The amazing thing is… this goal can and should be kept while meeting any of the other goals! The health of a forest never, ever needs to be sacrificed for woods to be profitable, enjoyed, or protected.
Some key questions that will help you determine management actions: Are you aware of pests, diseases, and other threats that could be in or threatening your woods? Are there invasive plants in your woods? Do you hope to boost biodiversity?
Some ways to protect health and ecological integrity in the woods:
- For old, already healthy forests: buffering and protecting actions such as minimizing human activity or throughways, or cleaning off boots to prevent invasive seed from entering the woods. Sometimes preservation is the best management action.
- For woods that don’t have much regeneration: understand the impacts of deer and consider hunting or culling if the browse pressure is too high.
- For young, densely-stocked woods: consider talking to a consulting forester about if an improvement cut could aid biodiversity and individual tree health, while also providing some structural diversity.
- For invaded woods: Control those weeds! Invasive plant management can bring health, biodiversity, and regeneration back to stagnated woods.
- For overall biodiversity: Consider making a “soft edge” on your woodland where young shrubby natives can grow, and young trees.
The following resources are for those who want to manage their woods for better health:
- American Tree Farm System
- Invasive Plants Field and Reference Guide
- Ohio Invasive Plants Council
- Invasive and Exotic Weeds
- Ohio Woodland Stewards
“What should I know about Ohio forests and forestry?”
- If you want to speak to a natural resource professional or consulting forester about your goals, it helps to have some basic terminology. Check out our glossary of common forestry terms.
- The first step to determining what you want to do in or with your woods is to understand what’s growing there. Here’s an excellent free Tree ID Booklet and a Searchable Native Tree Species Guide from ODNR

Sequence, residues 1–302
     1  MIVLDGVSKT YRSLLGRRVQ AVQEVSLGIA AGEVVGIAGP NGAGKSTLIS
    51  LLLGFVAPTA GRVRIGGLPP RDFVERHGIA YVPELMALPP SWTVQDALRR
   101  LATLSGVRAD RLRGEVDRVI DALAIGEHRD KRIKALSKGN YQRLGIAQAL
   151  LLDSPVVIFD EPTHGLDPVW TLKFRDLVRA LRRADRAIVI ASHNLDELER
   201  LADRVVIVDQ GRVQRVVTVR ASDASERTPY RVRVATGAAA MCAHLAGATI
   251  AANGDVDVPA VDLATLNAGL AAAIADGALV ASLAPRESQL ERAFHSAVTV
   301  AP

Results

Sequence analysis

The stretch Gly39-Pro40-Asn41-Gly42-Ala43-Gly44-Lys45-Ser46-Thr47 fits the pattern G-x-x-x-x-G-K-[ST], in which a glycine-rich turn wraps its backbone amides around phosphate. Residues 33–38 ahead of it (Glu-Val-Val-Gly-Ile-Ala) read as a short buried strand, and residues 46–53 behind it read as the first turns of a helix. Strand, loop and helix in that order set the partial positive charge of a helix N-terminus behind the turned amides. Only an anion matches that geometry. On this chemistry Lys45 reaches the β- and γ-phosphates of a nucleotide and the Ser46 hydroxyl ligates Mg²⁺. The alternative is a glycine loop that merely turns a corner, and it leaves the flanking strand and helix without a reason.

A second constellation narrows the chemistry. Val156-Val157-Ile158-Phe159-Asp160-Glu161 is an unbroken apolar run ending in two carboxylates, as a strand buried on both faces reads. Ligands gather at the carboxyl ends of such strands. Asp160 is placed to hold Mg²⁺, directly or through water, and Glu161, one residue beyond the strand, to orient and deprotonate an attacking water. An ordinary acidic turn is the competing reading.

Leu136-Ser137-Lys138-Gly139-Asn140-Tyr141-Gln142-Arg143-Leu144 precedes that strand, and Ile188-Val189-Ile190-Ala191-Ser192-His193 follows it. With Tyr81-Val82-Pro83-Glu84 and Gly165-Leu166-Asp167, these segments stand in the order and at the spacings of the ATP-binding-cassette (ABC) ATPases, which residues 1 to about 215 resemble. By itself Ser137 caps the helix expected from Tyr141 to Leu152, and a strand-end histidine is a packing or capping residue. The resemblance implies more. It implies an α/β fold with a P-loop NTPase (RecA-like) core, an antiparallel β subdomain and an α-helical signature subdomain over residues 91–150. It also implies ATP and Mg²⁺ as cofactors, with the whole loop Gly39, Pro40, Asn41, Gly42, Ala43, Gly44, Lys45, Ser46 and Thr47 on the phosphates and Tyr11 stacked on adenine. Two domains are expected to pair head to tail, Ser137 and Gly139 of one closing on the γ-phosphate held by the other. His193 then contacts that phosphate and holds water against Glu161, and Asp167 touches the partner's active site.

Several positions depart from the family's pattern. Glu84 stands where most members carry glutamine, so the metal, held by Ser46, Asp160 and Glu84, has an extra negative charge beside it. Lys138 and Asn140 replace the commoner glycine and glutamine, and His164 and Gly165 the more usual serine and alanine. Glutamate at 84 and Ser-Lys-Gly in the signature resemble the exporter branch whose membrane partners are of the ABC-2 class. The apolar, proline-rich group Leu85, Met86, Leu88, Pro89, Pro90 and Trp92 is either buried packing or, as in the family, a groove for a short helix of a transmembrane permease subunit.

“What should I consider before launching into management?”
Ask yourself a few key questions about your goals and the land to help you get off on the right foot. Should you choose to speak to a natural resource professional about creating a management plan for your property, your answers to these questions will assist in the planning process.
- How much wooded acreage do you have? Are the boundaries marked? This is a good first step. There are some professionals (https://ohiosurveyor.org/) who do this, but if you want to do it yourself, check out your county auditor’s website, or even use Google Earth to help walk your property and mark boundaries: Marking Property Lines
- What is the history of your property, and what was the past land use? How old is the forest? We can’t plan for the future without knowing the past!
- What are the unique features of your property that you treasure?
- What are your existing resources and constraints? This includes the money, time, or physical limitations you have for management activities.
- What are your long-term goals for the woods? What do you want for the forest in the future?
For more, check out MyLandPlan.org, an American Forest Foundation webpage for landowners seeking to get more out of the land they love.
If you are interested in how to take care of individual trees, please check out our HF&G Tree Care Toolkit
Enjoying the Woods
Some key questions that will help you determine management actions: What do you already use your woods for? What would you like to use your woods for?Explore
Pass on or Protect the Woods
For many, owning woodland is a cherished way of life. There are few things more powerful than a connection to the land. Whether you want to pass the land down to family, or want to ensure that it is never developed, there are resources for you to protect your woodland legacy.Explore
Profit from the Woods
Some key questions that will help you determine management actions: Have I spoken to a consulting forester? (hint… if you are considering selling timber, this is an absolute must to get a fair price and ensure the well-being of your forest!). What am I hoping to leave behind after a timber harvest? Do I need to consider cutting trees, or can I profit from my land in another way?Explore
About the Forest Resources Series
Whether you own 2 acres or 200 acres, you probably have dreams and goals for your woods. However, even for a seasoned landowner, it can be intimidating to know where to start. Here are some simple resources to get you started.Explore the series